~ By Dr Malcolm Wheatley BSc (Econ), MA, MBA, PhD
Project management as a management discipline underpins much economic activity. In industries as diverse as pharmaceuticals, software and aerospace, projects drive business. And in the public sector, it is effective project management that translates politicians' promises of new roads, schools and hospitals into gleaming new constructions that improve everyday life.
So you'd imagine that it would be possible to place some sort of figure on the importance of project management to the UK economy. How much GDP does it drive? In which sectors of the economy? And as the economy evolves, how fast is project management's prominence increasing?
Think again. As a conversation with the UK's Office of National Statistics reveals, the official Input-Output tables that record and analyse the makeup of economic activity within the UK go into no finer detail than at the level of individual industries. We know that the GDP of the UK economy in 2002 amounted to some £1044bn, up 5% from £994bn the year before. We know which industries contributed the most to that overall GDP figure, and which contributed least. But we know nothing - at least in terms of officially tabulated government statistics - about the extent of project management's contribution to that GDP.
So what exactly is the contribution of project management to a modern developed economy, like the UK's?
American researchers employed by the Project Management Institute have an answer - of sorts. On the basis of data released by the Bureau of Economic Analysis, part of the US Department of Commerce, they estimated in 2001 that the US public and private sectors combined spend some $2.3trn on projects every year, an amount equivalent to a quarter of America's GDP. Construction, R&D, software development, organisational change, IT systems - add it all together and that's the price tag. Extrapolating further, they estimated that project-related spending accounted for almost $10trn of the world's global GDP.
On that basis, given the UK GDP of £1044bn in 2002 (the latest year for which figures are available), project-related expenditure of a quarter of GDP yields a GDP figure of £261bn. This, of course, relies on the UK economy being structurally similar enough to the American economy for the American estimate of project management's contribution to GDP to hold true. While there are undoubted differences between the two economies, they are unlikely to be significant enough to materially affect the extrapolated UK figure. A 10% deviation either way, for example, would indicate a range of (say) £235bn to £287bn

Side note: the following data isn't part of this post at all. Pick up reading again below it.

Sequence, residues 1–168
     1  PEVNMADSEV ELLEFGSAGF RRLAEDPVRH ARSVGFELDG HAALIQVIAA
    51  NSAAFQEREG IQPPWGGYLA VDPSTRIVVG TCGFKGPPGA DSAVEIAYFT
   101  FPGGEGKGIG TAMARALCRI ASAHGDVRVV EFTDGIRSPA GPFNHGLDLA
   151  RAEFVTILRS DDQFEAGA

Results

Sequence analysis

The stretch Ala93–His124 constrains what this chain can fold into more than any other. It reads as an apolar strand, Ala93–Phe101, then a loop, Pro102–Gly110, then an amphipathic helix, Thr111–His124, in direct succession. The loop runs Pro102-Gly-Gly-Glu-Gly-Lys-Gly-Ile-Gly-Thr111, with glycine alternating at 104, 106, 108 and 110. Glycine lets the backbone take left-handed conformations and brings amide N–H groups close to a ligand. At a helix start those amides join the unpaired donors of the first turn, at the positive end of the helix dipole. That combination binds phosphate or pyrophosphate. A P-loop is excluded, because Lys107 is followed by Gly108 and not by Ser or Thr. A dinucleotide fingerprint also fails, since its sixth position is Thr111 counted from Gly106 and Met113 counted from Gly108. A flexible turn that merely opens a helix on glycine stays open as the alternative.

There is, however, one slight problem to address when considering project management vis-à-vis GDP estimates. And it is here that a note of caution must be injected.
Take two hypothetical projects, identical in all respects except the calibre of their project management. One project comes in on budget, having used the planned resources. The other dramatically exceeds its budget, using far more resources than planned. Which has the greater contribution to GDP? The latter. Overtime payments, additional employees, replacements for materials wasted or otherwise found faulty - perversely, these additional expenditures contribute positively to GDP, not negatively.
As a result, while GDP-based estimates of the value of project management to the UK economy are useful starting points, a more rounded insight into the value of project management to the UK economy must come from more qualitative data.
Almost by definition, innovation relies on project management. Irrespective of whether the innovation concerns a new product, or a new process, or indeed a contribution to pure science, better project management, on the whole, will see a successful outcome reached more quickly, having consumed fewer resources.
And innovation is important to the UK economy. As a succession of reports from the UK government's Department of Trade and Industry (DTI) has highlighted over the years, innovative businesses are more successful, and innovative industries grow faster, export more, are more competitive, more productive, and have a better long-term future.
Stating the benefits of innovation is one thing - defining innovation itself, or quantifying it, is another. As successive generations of statisticians have found, the measurement of innovation is almost as slippery a concept as the measurement of project management.
An interesting table (see Table 1) from the current DTI Innovation Report breaks down the innovation carried out by a number of manufacturing industries based on one widely used proxy measure - R&D spending, commonly reported by companies in their annual accounts.
Even so, this almost certainly understates the true level of innovation activity, especially with respect to process innovation. The engineering departments and process improvement groups of manufacturing companies routinely make process improvements that go unrecorded as R&D, for example.